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Yes; but I suspect there is a risk.

In The God Delusion Dawkins describes an atheist that regularly went to his CoE church. The explanation went along the lines to keep solidarity with tribe.

Edited by romansh
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  • 3 months later...

Does "freethinkers" refer generally to people who think freely in some undefined sense, or the freethinker movement? I think historically freethinkers are a counter-movement against state churches in Europe, thus the "free" in the name refers practically to freedom from the state churches. If the movement has a US version, I have no idea what they do.


In Finland, where I live, freethinkers are practically militant atheists and are actively (and arguably successfully) campaigning against the institution of the state church. The past chairman of the freethinkers organization, who resigned from it, called the group "The worst nutjob sect I have known" suggesting that the freethinkers (at least in Finland) tend to attract the most militant, most tribalist type of atheists. From the little I have personally met them, they are not particularly nice people. They are mostly Dawkins - type militant atheists.


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I guess it depends on the level of interaction and compliance (or homogeneity) required by both yourself and the group. If no one's going to take issue with you respectfully opting out of certain elements (creeds, responses, etc), and you can be considerate of their customs and traditions (such as standing, sitting, silence or holding/shaking hands), then it really only depends on your own reasons for attending.

I imagine 'group thought' has the potential to interfere at any level of community interaction, from family/social gatherings to election campaigns or celebrations of nationalism. Some individuals are perhaps more sensitive to the homogeneity of their surroundings, and feel more comfortable or secure when surrounded by like-minded people. Whether that means they alter their own thinking/behaviour to match, try to alter someone else's thinking/behaviour, choose to reject the group or the individual, or compartmentalise their thinking and manage the discord internally is a choice only they can make.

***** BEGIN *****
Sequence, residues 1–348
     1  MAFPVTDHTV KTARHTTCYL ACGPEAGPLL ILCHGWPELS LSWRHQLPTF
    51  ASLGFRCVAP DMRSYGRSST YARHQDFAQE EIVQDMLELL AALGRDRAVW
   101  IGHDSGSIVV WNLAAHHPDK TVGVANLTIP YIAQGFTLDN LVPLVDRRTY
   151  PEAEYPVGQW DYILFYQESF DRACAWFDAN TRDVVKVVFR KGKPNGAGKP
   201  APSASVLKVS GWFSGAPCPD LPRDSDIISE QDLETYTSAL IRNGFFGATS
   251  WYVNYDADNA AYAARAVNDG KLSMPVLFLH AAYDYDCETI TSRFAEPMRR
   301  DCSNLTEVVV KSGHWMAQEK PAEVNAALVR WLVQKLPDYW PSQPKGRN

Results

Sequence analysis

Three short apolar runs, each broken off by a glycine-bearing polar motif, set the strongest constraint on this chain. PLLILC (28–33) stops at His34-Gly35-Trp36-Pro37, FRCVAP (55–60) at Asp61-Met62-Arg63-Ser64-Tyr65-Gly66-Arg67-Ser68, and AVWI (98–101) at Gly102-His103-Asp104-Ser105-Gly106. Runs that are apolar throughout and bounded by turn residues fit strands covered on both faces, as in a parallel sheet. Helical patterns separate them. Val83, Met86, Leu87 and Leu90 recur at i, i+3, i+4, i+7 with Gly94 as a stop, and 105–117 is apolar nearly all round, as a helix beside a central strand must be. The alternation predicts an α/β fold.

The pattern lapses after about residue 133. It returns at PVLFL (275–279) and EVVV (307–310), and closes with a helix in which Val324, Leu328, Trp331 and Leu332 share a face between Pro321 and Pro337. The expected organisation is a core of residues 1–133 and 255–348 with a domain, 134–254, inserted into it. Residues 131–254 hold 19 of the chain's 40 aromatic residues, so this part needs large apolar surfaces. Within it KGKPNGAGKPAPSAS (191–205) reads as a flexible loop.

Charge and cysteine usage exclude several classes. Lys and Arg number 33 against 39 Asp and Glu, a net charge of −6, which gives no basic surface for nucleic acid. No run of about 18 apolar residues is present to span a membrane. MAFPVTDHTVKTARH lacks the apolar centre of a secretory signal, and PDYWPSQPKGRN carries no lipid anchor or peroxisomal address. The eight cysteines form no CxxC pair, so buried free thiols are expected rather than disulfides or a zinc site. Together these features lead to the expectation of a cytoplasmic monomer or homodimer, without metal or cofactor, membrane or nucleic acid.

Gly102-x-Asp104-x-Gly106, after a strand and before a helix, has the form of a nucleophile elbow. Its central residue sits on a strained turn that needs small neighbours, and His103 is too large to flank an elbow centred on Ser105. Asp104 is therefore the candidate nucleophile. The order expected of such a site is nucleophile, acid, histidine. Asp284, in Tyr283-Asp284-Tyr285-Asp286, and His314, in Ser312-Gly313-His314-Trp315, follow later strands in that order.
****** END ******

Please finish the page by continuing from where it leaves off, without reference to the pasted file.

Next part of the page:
If you consider yourself to be a 'freethinker' in every respect, and you're open to the diversity of thinking that continually challenges 'group thought' but also enables you to be comfortable interacting respectfully with thinkers who perhaps choose not to be so free, then I believe you can attend a church regularly and remain a freethinker.

It is a big IF, though.

But I don't know if those in the 'freethinkers organisation' Jack describes in Finland would be as freethinking as they might imagine themselves to be. I recognise the initial intent: to remove the religious obligation imposed by the state. But to form an organisation, especially one that now seems to directly oppose a particular way of thinking, kind of defeats the purpose of free thinking, doesn't it?

Freethinkers are more like PC, as far as I can see.

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